Gorbachev receives Dresden award for nuclear disarmament
Former Soviet leader Mikhail Gorbachev was awarded the inaugural Dresden Prize on Sunday in recognition of his role in bringing the Cold War to a peaceful end.
The organisation Friends of Dresden handed over the award, with €25,000 prize money, to the 78-year-old former Communist Party leader at the Saxony capital’s Semperoper opera house.
According to the group, Gorbachev was given the award for “conflict and violence prevention” – in particular his role in nuclear disarmament.
Through his initiative on unilateral dismantling of intermediate-range missiles, Gorbachev signalled an end to the Cold War arms race between the Soviet Union and the United States and thereby made “one of the most important contributions to the prevention of violence in past decades,” the group said.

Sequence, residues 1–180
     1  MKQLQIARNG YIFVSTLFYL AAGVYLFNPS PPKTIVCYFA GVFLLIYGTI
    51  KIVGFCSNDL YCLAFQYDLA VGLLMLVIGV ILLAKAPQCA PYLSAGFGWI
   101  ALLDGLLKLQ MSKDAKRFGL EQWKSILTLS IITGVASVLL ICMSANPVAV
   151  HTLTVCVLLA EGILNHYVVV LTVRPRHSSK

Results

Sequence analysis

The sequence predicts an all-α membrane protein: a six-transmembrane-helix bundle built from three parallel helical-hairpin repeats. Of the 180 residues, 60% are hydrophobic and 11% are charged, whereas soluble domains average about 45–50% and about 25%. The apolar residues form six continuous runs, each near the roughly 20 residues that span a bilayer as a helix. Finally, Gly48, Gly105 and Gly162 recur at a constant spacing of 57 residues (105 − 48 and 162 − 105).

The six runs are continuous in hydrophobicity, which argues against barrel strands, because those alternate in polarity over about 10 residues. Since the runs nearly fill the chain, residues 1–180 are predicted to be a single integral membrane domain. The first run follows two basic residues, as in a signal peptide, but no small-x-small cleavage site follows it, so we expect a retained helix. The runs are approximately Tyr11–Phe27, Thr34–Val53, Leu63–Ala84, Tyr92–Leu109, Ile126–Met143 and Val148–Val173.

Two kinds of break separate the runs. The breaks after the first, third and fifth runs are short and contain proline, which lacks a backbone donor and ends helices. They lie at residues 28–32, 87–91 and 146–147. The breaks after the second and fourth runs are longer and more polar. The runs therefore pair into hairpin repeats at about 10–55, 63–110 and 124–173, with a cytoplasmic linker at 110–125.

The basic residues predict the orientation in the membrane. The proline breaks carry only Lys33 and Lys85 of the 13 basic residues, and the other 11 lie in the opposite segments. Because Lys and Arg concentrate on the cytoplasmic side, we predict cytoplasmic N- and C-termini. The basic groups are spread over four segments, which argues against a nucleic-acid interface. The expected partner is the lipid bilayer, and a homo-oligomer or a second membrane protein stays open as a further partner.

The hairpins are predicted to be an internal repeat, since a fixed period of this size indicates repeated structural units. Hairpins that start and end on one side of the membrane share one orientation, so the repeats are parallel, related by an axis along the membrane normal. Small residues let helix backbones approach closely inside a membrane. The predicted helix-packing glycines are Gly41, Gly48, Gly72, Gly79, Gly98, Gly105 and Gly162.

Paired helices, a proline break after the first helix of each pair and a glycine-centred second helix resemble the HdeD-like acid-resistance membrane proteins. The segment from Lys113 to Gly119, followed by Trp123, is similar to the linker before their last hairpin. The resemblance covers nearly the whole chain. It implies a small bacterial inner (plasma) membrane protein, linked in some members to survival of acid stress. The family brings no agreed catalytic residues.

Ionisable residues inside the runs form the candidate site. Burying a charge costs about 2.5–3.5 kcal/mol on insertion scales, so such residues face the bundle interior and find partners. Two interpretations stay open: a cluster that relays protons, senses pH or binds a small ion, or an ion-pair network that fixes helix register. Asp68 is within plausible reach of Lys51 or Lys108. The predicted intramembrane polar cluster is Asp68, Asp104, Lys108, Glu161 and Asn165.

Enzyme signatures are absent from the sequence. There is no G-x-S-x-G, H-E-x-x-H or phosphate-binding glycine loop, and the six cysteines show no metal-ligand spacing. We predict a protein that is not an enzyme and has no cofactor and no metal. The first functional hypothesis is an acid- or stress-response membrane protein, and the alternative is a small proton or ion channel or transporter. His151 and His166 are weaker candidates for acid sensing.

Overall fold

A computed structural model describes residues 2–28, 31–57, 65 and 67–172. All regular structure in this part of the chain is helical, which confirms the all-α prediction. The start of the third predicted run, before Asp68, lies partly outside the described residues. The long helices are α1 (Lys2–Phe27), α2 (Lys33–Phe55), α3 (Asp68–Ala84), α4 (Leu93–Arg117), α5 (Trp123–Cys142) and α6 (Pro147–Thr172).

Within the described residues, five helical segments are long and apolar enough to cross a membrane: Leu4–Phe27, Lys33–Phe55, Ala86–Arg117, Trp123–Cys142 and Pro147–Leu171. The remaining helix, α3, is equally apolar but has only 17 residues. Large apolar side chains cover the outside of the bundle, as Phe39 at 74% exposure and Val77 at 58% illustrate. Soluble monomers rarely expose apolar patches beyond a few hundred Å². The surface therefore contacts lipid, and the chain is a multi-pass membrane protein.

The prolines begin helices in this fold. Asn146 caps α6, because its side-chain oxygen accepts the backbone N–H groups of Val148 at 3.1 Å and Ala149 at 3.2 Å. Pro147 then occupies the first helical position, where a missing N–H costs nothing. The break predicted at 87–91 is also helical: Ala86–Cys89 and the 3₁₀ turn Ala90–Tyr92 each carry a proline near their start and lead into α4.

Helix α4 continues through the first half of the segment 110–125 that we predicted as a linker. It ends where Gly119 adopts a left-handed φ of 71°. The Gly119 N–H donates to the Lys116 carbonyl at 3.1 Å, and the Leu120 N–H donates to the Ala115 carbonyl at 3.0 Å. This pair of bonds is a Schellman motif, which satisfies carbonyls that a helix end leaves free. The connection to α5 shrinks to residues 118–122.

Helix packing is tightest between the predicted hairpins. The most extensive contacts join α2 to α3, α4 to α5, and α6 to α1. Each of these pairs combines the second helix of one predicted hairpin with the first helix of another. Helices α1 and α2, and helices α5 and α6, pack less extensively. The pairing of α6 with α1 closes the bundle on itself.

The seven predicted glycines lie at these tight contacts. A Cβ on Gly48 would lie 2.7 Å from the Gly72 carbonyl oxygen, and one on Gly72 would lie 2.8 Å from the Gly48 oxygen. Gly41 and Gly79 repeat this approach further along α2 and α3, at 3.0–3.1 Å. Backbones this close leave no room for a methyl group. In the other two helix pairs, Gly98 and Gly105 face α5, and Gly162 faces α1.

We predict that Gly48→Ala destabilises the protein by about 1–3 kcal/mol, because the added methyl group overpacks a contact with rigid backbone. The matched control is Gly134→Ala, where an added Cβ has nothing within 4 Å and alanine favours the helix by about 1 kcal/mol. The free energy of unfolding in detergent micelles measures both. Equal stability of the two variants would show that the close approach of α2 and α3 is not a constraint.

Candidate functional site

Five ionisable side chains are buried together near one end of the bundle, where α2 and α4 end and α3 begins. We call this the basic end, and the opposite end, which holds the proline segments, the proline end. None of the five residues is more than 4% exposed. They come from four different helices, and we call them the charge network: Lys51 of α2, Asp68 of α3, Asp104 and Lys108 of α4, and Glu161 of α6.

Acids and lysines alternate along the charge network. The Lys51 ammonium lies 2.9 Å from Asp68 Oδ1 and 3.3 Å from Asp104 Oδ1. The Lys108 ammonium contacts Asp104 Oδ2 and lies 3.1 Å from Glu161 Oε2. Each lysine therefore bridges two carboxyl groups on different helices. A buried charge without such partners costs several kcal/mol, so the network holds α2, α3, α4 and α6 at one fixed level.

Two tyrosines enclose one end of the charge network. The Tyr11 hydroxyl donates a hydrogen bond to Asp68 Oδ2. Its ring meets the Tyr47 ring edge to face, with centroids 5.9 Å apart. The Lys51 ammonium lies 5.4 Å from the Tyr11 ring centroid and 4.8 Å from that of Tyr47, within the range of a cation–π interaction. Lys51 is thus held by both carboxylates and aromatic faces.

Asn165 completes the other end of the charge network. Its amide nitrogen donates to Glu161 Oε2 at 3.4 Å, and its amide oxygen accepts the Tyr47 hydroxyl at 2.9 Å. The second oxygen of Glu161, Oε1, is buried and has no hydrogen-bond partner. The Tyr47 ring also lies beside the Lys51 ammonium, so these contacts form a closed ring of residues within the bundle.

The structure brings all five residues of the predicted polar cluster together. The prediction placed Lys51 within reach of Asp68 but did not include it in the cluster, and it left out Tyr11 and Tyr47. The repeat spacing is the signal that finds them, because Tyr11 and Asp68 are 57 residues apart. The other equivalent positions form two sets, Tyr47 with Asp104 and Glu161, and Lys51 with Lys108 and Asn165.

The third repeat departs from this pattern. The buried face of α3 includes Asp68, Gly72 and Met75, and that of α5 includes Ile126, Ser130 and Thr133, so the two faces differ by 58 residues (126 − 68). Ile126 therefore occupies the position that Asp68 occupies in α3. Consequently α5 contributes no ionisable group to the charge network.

Through his policies of glasnost (“openness”) and perestroika (“reform”), Gorbachev helped bring the Cold War to and end. Gorbachev received the Nobel peace prize for his efforts in 1990.
Receiving the award, Gorbachev warned politicians not to put security issues behind economic ones. Worldwide, some 40 countries had some kind of access to nuclear weapons, he said – and it remained a danger that these weapons could fall into the hands of terrorists.
Saxony Premier Stanislaw Tillich called Gorbachev a “worthy recipient” of the award.